Want to check out Factor’s Walk on your next trip to Savannah? Check out our Grave Tales Ghost Tour where it is an often featured stop!
Now one of the buildings belonging to the Savannah Law School, the former Old Candler Hospital has a gruesome history all unto its own.
To the east of Forsyth Park is the Candler Hospital, well, what is left of it. It is presently a law school. Many ghost tour companies still go there to tell the stories about the death and dying which took place there.
It was 1876 when one of the largest (and final) yellow fever epidemics swamped the city of Savannah. Thousands lay dead, or dying, and for those of you unaware of how completely yellow fever ravages the body, imagine this: once the fever spikes your temperature and your organs start to fail, you start to vomit, dragging up black fluid that many liken to coffee grinds. There was no cure for yellow fever, except miracles—and if you did happen to survive the fatal disease, you were strangely immune for life.
During this last Yellow Fever outbreak in Savannah, as the story is told, there were a great number of people who died in the Candler Hospital from Yellow Fever. So many in fact, that tunnels were dug and secret burials were made throughout the entire area. Of course, this breaks a shock to the people on the ghost tour, with many eyeing the ground underneath them, wondering if they are standing on one of these graves One of the secret burial grounds was a tunnel that ran underneath Forsyth Park. This tunnel didn’t have an exit. It was simply a place to put the bodies of the dead without bringing them to the surface. Is this true?
A good many people found themselves at the old Candler Hospital hoping for a miracle. Only, so many people had apparently died from the disease that it is said that tunnels were dug below the building and under the surrounding area for a place to lay the dead to endless sleep.
But in that fateful year, a good many people found themselves at the old Candler Hospital hoping for that miracle. Only, so many people had apparently died from the disease that it is said that tunnels were dug below the building and under the surrounding area for a place to lay the dead to endless sleep.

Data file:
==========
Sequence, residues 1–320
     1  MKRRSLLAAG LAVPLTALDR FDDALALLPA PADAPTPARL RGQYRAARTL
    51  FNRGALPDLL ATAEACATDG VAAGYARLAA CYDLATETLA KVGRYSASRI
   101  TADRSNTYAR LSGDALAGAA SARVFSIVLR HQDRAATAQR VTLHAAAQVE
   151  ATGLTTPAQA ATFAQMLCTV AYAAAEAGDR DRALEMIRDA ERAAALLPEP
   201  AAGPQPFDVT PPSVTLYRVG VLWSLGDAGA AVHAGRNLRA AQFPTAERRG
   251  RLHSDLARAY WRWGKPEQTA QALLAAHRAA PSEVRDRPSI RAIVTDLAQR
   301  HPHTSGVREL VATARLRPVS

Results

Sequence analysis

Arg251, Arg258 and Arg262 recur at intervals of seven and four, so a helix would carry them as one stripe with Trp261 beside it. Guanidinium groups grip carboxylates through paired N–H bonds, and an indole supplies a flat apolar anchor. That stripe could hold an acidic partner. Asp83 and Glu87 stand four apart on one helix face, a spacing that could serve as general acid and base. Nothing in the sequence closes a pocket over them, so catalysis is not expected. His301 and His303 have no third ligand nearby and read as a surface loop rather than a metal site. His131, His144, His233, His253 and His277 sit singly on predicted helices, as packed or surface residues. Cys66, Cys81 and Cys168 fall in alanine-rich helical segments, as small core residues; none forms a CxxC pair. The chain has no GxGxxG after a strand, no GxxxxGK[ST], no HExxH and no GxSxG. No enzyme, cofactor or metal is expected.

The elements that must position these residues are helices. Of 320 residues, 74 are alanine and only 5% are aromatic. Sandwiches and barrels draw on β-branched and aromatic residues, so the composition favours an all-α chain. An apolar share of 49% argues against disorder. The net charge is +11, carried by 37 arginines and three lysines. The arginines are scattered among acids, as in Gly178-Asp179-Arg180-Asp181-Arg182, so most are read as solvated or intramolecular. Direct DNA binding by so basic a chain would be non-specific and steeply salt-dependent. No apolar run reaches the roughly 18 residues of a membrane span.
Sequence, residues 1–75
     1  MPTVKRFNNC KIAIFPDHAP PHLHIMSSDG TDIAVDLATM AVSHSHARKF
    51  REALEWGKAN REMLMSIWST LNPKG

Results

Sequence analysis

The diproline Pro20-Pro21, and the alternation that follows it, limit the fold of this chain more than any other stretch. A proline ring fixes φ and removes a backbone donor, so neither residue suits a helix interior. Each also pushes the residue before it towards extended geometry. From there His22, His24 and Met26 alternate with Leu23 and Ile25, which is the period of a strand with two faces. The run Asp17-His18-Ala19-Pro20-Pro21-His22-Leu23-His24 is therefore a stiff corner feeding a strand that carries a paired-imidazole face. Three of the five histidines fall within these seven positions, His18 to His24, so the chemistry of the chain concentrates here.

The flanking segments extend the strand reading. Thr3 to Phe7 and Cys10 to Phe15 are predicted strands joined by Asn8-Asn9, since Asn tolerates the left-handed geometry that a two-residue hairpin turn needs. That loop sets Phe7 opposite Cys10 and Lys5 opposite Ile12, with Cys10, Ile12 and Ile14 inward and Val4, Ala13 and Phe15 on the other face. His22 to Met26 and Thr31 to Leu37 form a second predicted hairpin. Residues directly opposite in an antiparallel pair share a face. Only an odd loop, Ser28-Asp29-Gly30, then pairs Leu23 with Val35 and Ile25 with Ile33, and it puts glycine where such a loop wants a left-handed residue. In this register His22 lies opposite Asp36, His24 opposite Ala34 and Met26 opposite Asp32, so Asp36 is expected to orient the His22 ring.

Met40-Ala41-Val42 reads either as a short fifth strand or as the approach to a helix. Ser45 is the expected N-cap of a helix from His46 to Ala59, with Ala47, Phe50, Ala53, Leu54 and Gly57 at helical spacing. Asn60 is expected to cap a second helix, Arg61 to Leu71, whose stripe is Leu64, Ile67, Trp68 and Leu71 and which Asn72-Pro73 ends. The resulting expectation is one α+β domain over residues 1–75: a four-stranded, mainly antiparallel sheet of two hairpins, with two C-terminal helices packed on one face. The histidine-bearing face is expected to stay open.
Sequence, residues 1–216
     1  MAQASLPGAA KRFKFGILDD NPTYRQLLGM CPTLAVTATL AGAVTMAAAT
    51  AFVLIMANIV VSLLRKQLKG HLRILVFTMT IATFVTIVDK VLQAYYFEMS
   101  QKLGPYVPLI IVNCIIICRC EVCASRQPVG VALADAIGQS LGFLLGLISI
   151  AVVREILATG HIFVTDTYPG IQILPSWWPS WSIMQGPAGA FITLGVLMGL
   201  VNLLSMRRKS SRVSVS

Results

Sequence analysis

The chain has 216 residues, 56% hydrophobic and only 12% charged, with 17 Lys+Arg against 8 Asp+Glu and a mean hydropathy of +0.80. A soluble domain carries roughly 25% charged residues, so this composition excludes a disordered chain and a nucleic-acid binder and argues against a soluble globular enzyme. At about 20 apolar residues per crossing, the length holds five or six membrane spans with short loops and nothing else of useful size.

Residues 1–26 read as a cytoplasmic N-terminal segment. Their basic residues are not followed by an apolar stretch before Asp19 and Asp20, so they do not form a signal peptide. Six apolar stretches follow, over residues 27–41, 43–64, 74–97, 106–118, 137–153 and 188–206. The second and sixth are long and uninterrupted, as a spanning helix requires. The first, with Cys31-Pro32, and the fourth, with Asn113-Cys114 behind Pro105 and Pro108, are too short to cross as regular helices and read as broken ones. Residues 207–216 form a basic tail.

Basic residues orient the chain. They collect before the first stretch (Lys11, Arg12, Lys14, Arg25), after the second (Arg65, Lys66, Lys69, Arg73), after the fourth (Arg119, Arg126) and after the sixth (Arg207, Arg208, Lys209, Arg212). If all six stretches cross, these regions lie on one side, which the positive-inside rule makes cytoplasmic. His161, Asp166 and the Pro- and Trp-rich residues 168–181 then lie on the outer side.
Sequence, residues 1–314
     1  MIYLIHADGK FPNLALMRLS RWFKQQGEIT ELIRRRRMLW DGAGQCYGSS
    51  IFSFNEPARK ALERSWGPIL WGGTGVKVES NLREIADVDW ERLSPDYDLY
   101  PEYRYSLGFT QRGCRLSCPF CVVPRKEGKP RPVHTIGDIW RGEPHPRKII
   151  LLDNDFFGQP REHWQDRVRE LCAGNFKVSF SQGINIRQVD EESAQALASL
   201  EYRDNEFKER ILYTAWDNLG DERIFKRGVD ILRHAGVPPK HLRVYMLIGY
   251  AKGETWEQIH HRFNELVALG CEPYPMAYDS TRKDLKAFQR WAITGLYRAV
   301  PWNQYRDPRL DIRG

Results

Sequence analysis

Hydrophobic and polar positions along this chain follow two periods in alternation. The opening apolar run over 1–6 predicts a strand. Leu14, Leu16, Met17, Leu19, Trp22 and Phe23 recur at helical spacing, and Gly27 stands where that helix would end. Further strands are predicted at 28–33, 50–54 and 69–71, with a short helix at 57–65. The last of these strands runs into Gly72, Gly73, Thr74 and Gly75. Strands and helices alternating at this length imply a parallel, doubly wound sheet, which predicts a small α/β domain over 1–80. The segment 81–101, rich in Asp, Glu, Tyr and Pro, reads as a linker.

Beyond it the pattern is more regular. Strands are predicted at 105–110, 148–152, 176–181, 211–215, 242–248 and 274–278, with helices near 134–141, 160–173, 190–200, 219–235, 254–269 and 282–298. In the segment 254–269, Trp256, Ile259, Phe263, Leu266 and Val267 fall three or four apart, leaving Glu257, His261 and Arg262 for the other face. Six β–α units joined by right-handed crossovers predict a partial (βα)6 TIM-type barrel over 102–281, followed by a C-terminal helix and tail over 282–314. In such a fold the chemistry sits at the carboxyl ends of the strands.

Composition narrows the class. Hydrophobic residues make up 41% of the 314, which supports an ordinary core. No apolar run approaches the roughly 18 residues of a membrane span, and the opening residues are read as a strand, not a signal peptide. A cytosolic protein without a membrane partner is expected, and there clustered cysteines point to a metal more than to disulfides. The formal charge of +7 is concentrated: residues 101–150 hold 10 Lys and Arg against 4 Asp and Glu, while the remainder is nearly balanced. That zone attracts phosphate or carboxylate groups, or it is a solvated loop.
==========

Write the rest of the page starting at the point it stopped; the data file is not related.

One of those such “burial grounds” is said to exist beneath the beautiful Forsyth Park, just steps away from Candler Hospital. Allegedly–although it is unlikely such tunnels were dug beneath the park itself–there were no exits to the tunnel, as they were intended only to be a place for burial. Were these tunnels in fact dug below the surface level? For many, this has become cold, hard truth, while others find the thought difficult to digest. (And, in fact, there is no historical evidence that beneath Forsyth, these tunnels exist. Under the old Candler Hospital on the other hand . . . there’s absolute truth to the legend).
If the story is true, it is pretty creepy knowing that underneath the feet of people getting married, kids playing in the park…that there could potentially be hundreds or more, burials which were simply swept under the rug. So, we have to do a little digging to find out if this story is true or not. This is one of the reasons we don’t feature it too often on our ghost tours. Here in Savannah, we have a lot of places to take guests to on our ghost tours, places where we are much more certain of the information.
Forsyth Park is one of the most visited squares in Savannah, where weddings and celebrations take place on the regular. But according to local lore, beneath your feet lie the dead of the diseased.
And, if that doesn’t make you uneasy enough, an article in the Savannah Morning News, which dates to 1884, discusses how there was to be a construction of a tunnel beneath the hospital to replace the aboveground morgue.
Whether you believe the legend or not, it’s clear that the proximity to the old Candler Hospital and the possible burial grounds in the tunnels have left Forsyth Park with an air of mystery . . . and also a bit of paranormal activity as well.
Can you brave the ghostly stories of the former Candler Hospital? Check out our Dead of Night Ghost Tour where Forsyth Park is sometimes a featured stop on the tour!
It seems as if this story, at least for now, is one of the stories that is told about the macabre past of Savannah that will have to remain unknown, at least, to me. Some of the most popular stories on our ghost tours seem to have that theme…a little unknown and a little mystery. Sometimes people don’t want their ghost stories to be wrapped up and figured out. If anyone out there has solid information about this story we would love to hear about it. Feel free to start a discussion in the comments below.